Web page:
The CPB (ML) document contains a section which so thoroughly rejects the Marxist-Leninist concept of the role of theory and, in fact, the Marxist-Leninist concept of the role of the party, that we wonder what purpose the CPB(ML) intends for itself:
Our Party, founded by industrial workers, must be a part of our class, must in every sense belong to our class. If we say that such a party is based on the working class as it must be to be revolutionary, then it cannot be above the working class, an intellectual force based on the theory of Marx separate from the working class. In fact the intellect; and the leadership must come from the working class, for it is this class force that makes revolution possible.
In a word, Marxism is not a separate theory, an intellectual force to be bestowed on the working class, but is, in fact, a derivative of that class.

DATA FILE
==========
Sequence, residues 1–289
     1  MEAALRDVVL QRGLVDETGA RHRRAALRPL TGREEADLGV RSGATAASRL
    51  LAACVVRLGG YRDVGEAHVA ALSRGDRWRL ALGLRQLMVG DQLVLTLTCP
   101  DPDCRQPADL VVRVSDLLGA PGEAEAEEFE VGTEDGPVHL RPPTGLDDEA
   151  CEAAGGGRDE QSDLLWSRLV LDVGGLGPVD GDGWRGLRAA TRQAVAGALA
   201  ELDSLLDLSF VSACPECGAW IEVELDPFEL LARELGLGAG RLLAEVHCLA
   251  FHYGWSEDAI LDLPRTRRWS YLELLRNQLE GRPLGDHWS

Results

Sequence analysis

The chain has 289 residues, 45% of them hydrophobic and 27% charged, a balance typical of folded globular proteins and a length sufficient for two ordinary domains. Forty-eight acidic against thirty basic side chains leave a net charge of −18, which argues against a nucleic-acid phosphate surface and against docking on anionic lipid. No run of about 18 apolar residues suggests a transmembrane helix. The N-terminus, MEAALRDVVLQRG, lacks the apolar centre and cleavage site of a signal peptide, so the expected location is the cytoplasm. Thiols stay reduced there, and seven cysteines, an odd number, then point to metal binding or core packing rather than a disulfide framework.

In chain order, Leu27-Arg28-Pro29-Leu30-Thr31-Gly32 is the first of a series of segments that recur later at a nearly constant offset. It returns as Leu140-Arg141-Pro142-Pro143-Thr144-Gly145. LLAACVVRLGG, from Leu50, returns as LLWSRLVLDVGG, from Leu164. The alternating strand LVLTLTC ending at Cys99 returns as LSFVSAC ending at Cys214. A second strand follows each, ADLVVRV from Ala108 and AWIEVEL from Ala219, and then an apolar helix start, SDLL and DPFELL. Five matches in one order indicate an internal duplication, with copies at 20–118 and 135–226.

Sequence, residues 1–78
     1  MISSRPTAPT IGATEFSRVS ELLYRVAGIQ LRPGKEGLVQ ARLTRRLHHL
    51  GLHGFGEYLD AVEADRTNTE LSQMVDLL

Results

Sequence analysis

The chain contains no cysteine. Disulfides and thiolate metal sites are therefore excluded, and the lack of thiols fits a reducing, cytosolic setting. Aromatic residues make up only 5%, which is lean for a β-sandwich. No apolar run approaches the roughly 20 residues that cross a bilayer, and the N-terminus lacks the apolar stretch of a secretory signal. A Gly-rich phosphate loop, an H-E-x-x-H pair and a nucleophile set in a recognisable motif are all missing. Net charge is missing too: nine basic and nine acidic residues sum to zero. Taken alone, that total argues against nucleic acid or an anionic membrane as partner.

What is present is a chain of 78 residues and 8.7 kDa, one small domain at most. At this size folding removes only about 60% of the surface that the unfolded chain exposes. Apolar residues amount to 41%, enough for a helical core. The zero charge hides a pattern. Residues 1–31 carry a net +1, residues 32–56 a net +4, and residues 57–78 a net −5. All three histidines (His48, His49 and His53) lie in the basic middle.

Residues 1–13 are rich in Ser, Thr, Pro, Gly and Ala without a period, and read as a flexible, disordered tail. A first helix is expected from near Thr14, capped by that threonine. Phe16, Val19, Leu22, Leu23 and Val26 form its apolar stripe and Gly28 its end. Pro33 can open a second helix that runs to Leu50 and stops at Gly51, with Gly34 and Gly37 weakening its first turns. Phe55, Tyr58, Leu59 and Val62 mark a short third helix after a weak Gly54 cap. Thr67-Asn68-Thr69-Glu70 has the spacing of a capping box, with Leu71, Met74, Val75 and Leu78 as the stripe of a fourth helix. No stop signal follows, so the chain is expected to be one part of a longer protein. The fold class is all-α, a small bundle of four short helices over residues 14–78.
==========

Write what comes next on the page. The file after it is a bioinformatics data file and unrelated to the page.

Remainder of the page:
Often the assertion that the working class is the force for revolution, that they make the revolution, is largely lip-service. It is rather considered that a revolutionary party is made up of special men whose knowledge of Marxist theory is a peculiar and unique study to be doled out to those more ignorant as the guiding spirit given a revolutionary situation. This concept is wrong, for it must of necessity make the theory of revolution the special art of the few and not that of the people, and must imply that the motive force, i.e. the working class, are inspired by the environmental situation and respond emotionally in anger and protest to revolution without knowing why, and that this ignorance is corrected by Marxist-Leninist; theory supplied by an elite body, i.e. the Party. This is in contradiction with the premise that the working class is a revolutionary force. It cannot be if it does not know the how and why of revolution.